Domain Chair:

Prof. Trevor Smart

Domain Coordinator:

Dr Matt Wakelin

Communication and Events Officer:

Rachel Heatley


Cellular Neuroscience

Side Image - Cellular

Cellular neuroscience bridges the gap between the function of individual molecules and the behaviour of entire assemblies of neurons that carry out higher level functions such as the visual system or motor system.

Nerve and glial cells process information received by the senses to analyse what is going on in the environment, they store information so that it can be retrieved later to guide future actions, and they send signals to the muscles to allow us to move, speak and interact with others. Defects in cellular processes cause brain disorders such as cancer, epilepsy, depression and schizophrenia.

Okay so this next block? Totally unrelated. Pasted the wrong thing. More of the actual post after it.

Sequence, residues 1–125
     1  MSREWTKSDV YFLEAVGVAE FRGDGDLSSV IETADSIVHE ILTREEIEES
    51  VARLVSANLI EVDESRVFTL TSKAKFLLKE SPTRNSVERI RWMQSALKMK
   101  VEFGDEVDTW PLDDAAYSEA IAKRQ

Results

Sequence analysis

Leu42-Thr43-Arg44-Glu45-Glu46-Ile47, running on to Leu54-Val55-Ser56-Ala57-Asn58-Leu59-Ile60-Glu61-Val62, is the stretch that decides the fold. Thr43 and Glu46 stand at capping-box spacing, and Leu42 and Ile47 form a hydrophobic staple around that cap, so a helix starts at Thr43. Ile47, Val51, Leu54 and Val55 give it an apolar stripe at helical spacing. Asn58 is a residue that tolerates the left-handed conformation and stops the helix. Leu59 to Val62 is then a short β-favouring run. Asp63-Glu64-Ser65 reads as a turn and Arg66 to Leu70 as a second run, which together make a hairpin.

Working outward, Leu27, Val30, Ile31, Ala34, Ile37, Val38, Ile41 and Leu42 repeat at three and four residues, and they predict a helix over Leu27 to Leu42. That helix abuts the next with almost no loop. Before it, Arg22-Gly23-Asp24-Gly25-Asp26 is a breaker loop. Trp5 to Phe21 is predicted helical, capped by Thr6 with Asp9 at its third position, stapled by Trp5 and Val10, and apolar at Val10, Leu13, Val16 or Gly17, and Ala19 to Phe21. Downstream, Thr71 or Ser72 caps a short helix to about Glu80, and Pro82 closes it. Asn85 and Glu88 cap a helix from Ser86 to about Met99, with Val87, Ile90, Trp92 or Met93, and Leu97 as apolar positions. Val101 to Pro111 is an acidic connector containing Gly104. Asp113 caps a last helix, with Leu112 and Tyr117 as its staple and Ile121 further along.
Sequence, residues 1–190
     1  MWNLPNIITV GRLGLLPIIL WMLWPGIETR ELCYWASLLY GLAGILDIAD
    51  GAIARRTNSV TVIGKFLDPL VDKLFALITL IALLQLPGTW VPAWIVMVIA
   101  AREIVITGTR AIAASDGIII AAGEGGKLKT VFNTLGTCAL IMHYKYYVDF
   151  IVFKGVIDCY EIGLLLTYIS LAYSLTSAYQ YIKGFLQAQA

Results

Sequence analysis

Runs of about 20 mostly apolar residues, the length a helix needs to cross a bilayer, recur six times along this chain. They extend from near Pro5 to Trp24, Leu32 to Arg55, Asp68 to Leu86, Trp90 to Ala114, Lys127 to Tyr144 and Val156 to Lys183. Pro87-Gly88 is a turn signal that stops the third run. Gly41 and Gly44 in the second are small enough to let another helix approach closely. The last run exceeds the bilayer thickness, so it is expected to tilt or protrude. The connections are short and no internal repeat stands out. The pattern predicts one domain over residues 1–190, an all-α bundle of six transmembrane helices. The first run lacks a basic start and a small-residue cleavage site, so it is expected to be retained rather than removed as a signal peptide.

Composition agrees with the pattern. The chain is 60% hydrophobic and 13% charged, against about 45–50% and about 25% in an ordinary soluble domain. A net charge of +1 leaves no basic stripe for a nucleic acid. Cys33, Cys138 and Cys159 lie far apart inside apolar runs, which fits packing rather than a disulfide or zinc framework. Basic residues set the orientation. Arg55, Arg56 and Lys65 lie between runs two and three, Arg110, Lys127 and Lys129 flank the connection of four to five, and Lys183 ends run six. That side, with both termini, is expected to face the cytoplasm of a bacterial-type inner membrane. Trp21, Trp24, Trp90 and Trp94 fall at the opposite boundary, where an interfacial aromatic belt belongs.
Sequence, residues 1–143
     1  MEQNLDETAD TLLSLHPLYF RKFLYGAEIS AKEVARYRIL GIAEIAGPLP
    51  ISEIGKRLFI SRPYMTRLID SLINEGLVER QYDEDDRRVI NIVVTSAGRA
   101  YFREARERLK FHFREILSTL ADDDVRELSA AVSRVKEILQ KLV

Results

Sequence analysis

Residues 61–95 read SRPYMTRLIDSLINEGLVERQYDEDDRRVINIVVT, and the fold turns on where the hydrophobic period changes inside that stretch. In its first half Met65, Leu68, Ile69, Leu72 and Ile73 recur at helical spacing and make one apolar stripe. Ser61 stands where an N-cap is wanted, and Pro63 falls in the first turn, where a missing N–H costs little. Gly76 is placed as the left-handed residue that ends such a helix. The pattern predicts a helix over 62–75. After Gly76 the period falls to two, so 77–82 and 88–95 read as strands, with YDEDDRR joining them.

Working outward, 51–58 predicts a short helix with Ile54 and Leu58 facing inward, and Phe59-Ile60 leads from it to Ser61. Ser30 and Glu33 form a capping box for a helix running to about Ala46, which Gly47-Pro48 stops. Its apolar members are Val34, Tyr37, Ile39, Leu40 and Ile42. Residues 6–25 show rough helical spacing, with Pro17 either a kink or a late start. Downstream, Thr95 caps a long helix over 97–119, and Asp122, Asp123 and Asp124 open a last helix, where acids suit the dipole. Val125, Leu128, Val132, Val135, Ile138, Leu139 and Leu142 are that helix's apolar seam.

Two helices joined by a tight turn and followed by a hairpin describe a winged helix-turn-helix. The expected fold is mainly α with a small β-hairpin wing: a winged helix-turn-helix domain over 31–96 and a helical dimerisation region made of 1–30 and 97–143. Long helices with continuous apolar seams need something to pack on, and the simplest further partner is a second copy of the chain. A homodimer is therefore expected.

UCL has many outstanding cellular neuroscience researchers working at locations across campus, including the new £9m Andrew Huxley building for Molecular and Cellular Neuroscience. UCL researchers use a wide range of techniques including patch-clamping to study electrical signals from cells; biochemistry to study intracellular signalling pathways; calcium imaging to determine how neurotransmitters regulate intracellular processes; molecular biology to probe the contributions of genes and molecular properties to cell function; and confocal and 2-photon imaging to study both the location of proteins within cells and the properties of nerve cells deep within the brain.

Highlights of this work include detailed studies of how the nervous system develops; how the gaseous messenger nitric oxide contributes to synaptic plasticity and to cell death in stroke; how neurotransmitter signalling affects nerve and glial cell function both normally and in conditions like cerebral palsy and spinal cord injury; how neuronal dendrites carry out computations; and how the blood supply to the brain is controlled.